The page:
The passage on page 245 of Science and Health with Key to the Scriptures reads as follows:

The error of thinking that we are growing old, and the benefits of destroying that illusion, are illustrated in a sketch from the history of an English woman, published in the London medical magazine called The Lancet.

Disappointed in love in her early years, she became insane and lost all account of time.Believing that she was still living in the same hour which parted her from her lover, taking no note of years, she stood daily before the window watching for her lover’s coming. In this mental state she remained young. Having no consciousness of time, she literally grew no older. Some American travellers saw her when she was seventy-four, and supposed her to be a young woman. She had no care-lined face, no wrinkles nor gray hair, but youth sat gently on cheek and brow. Asked to guess her age, those unacquainted with her history conjectured that she must be under twenty.1

Over the years, various people both here and in Britain have taken up the task to locate The Lancet published during the early part of the nineteenth century that includes mention of a woman who did not age. Despite searches by numerous people, no mention has ever been found. It is possible that Eddy read the account in another magazine entirely, which mistakenly named The Lancet as the source. Many periodicals of the time reprinted articles freely from other publications, and we have found several cases of incorrect attribution. We know that she read the account some time before 1875 because it has appeared in Science and Health from the first edition.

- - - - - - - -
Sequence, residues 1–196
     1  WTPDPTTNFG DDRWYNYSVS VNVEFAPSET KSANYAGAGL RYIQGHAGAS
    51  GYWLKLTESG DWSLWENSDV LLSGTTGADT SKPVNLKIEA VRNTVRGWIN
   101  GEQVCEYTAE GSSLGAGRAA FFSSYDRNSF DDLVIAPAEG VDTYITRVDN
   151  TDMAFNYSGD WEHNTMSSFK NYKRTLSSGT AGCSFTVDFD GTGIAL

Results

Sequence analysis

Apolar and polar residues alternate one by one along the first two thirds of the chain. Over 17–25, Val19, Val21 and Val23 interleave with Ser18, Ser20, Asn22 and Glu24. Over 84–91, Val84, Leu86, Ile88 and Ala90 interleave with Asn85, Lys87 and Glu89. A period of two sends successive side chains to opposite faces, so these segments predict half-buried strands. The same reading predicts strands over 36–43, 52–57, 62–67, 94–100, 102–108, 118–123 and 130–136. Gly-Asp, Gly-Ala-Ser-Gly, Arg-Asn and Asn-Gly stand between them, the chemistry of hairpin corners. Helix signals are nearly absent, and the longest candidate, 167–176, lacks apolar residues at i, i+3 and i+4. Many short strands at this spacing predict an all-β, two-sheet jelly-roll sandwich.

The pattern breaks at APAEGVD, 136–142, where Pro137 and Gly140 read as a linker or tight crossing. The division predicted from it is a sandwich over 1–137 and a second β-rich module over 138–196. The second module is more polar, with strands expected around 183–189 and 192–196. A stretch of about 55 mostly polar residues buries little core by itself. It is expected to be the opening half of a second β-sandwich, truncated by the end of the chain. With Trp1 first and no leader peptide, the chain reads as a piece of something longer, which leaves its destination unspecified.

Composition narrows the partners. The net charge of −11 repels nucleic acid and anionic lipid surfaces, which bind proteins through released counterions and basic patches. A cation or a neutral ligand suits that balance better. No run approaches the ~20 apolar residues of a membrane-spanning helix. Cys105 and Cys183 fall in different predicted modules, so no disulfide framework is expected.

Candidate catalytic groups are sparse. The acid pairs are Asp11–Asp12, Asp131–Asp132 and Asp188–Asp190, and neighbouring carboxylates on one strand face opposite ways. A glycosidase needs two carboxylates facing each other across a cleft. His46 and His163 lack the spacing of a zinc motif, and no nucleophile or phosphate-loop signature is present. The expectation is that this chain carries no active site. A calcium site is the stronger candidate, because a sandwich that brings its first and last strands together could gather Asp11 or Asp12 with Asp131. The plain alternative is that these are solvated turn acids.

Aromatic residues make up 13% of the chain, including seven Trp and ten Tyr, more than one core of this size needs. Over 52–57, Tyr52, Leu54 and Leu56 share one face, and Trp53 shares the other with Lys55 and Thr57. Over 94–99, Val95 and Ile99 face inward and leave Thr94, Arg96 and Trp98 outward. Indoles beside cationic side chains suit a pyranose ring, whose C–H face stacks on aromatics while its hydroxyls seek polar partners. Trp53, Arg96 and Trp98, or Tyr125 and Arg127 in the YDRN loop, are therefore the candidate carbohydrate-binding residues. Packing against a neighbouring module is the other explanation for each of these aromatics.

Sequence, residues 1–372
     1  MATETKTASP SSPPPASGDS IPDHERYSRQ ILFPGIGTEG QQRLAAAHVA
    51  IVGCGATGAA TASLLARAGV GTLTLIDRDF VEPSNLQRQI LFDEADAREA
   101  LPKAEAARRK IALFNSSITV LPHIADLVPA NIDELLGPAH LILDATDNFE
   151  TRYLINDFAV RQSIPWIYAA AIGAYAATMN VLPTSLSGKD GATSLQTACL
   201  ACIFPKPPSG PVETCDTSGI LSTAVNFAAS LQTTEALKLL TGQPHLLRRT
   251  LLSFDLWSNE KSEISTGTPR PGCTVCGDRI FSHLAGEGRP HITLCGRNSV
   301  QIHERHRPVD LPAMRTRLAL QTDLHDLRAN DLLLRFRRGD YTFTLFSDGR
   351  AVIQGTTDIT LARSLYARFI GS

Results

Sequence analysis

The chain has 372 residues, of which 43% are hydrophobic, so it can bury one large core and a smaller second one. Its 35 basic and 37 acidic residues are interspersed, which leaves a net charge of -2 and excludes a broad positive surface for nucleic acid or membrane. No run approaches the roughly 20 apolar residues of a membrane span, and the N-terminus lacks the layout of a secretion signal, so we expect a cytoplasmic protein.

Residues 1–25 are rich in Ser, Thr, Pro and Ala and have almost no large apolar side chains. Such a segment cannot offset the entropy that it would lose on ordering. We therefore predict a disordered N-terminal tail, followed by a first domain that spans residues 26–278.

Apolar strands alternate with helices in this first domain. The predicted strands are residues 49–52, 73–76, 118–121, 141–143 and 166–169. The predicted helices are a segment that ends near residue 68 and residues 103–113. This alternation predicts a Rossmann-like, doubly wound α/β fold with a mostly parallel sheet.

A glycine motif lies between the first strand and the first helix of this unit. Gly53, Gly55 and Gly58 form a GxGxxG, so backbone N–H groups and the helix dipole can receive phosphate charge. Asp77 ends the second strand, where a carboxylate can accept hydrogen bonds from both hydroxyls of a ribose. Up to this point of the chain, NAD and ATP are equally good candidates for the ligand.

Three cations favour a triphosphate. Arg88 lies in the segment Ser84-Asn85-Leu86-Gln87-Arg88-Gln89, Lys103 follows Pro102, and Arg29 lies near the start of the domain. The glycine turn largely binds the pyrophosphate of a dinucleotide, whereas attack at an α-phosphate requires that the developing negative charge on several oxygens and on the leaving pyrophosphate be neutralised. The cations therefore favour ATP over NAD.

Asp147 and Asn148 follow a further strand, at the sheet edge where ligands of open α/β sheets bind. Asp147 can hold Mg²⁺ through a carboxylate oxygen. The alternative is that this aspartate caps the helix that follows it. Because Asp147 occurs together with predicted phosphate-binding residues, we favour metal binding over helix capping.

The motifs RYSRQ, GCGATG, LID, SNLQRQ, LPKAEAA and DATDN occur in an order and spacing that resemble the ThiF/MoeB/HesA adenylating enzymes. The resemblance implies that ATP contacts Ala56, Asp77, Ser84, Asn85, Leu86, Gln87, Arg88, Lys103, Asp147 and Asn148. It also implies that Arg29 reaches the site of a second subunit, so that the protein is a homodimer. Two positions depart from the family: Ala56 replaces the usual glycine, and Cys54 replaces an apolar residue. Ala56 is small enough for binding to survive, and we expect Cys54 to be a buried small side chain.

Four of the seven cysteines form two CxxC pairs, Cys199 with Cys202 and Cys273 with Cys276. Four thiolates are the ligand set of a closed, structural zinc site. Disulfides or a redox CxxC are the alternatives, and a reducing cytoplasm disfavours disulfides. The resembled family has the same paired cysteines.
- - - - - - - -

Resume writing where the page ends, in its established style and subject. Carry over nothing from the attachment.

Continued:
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  1. Mary Baker Eddy, Science and Health with Key to the Scriptures (Boston: The Writings of Mary Baker Eddy, 1906), 245.